–On a single he doesn’t say whether it was a line drive or a ground ball; he does note a bloop.
    –All fly balls start the same. Only during the flight of the ball does he give you an indication of whether it is routine or not, and he is slow on this. I now understand the term “steinered.”
    –He repeatedly said that Roberts and the trainer came to the mound in the second inning when Adams was batting; Actually, Flowers was at the plate. Steiner said Kershaw stayed in and struck out Adams. He stayed in to walk Flowers, and then fanned Adams.
    –He rarely gives the scores of other games.
    –He did note that the Giants were losing to the Padres, 5-2, and rhetorically asked what had happened to the Giants this season. He should have answered his own question: they got old, terrible bating from the left field spot, Bumgarner’s injury, Samardzija’s bad year, Pence’s bad year, no power from Span, etc. Pretty basic stuff.
    –On the Inciarte steal that set up Atlanta’s first run, all he said was Inciarte had stolen second. He never said if there was a throw from Barnes — I presume there wasn’t — and, if not, why not, or what kind of jump the runner got.
    –He offers no history or anecdotes on the players; in this, he is the antithesis of Scully,
    Monday offered some comments, but Steiner is the play-by-play guy.

          • Ron Fairly may have been the most unlistenable announcer I have ever tried to listen to when he was a broadcaster for the Giants many years ago. Hate to say that about someone who was one of my favorite Dodgers.

          • I loved listening to Fairly for what we called his Fairlyisms – “Ron Davis loves the outdoors – he still lives there, in fact.”

          • Mind you, at that time the Gnats also had the great Hank Greenwald – “You get Bob Walk 15 runs, and he can be tough.”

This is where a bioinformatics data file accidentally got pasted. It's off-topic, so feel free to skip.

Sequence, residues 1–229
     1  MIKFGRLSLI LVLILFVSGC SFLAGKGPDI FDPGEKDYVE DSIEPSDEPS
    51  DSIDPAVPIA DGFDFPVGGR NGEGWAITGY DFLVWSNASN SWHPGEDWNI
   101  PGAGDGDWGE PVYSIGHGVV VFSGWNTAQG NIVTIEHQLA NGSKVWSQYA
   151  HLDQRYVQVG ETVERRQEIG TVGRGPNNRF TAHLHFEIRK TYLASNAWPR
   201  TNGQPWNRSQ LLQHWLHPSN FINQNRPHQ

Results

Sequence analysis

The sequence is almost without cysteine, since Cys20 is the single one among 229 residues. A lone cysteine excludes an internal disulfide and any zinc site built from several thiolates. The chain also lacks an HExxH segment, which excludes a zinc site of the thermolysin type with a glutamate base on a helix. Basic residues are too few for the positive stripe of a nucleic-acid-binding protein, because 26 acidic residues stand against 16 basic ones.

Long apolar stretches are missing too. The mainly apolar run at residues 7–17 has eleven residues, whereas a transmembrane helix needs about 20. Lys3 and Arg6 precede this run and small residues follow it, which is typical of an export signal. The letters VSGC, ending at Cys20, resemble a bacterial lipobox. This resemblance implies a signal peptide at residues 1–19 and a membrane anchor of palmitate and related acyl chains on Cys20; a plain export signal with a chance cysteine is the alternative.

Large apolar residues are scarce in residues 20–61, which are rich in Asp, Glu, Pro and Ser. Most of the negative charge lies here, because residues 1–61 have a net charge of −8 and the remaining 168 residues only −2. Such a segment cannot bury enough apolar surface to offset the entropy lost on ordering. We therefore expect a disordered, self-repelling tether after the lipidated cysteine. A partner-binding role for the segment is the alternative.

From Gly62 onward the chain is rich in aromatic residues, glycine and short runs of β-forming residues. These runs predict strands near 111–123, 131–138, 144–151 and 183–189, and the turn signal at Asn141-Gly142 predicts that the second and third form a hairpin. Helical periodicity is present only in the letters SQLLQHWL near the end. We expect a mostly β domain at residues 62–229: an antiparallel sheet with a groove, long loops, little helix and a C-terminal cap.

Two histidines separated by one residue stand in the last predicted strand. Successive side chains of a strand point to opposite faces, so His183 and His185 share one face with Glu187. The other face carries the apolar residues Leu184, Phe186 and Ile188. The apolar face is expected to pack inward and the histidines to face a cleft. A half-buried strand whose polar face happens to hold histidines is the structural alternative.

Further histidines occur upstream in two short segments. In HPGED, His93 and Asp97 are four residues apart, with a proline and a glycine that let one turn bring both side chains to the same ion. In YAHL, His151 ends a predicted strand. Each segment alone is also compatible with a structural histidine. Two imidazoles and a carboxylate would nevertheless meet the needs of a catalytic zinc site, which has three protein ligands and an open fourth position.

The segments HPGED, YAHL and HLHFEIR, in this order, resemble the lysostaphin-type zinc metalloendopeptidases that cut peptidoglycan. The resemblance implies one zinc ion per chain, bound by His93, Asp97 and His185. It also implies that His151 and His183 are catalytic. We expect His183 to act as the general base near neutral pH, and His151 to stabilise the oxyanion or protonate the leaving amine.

• Greenwald was tremendous. Was he ever partnered with Lindsay Nelson on the Giants’ broadcasts?

          • I can’t recall that, but Hank was at his best when the Gnats were at their worst.

  13. I had to get to sleep before the game ended last night — having flown back from D.C., I was still on Bob H.-time and EXHAUSTED.
    My choice to learn the outcome (it was 3-4 when i went to bed) was either At Bat or this site.
    I chose you guys . . . and learned the great news!
    A truly magical year so far for Belly and the team as a whole.

  14. OK, a question….no one is likely to want to trade for a player on the DL due to risk and uncertainty over damaged goods. But some less than brilliant folks in a couple other places want to trade Urias. Which won’t happen. And shouldn’t.

    But is trading someone on the DL even allowed in baseball?

  15. Even though Fogerty’s a Gnatfan, “Centerfield” remains a masterpiece. I still have my picture sleeve 45 of Danny Kaye’s “Dodger Song,” though.

        • I was in Hawaii when I became a Dodgers fan. I believe we got broadcasts of both the Dodgers and Giants on the weekend and I chose the Dodgers. (Now I have a better idea of how it felt to have your fate determined by the Hogwarts Sorting Hat!) I think a large part came because of Vin Scully.

          • Lived there as a kid. 57-60. Baseball was mostly about the Yanks (Mickey), but went Dodgers when we move to Southern Cal. Moon shots!

          • I was ’68-’72, leaving as a 7th Grader.
            Went from “the rock” to the desert.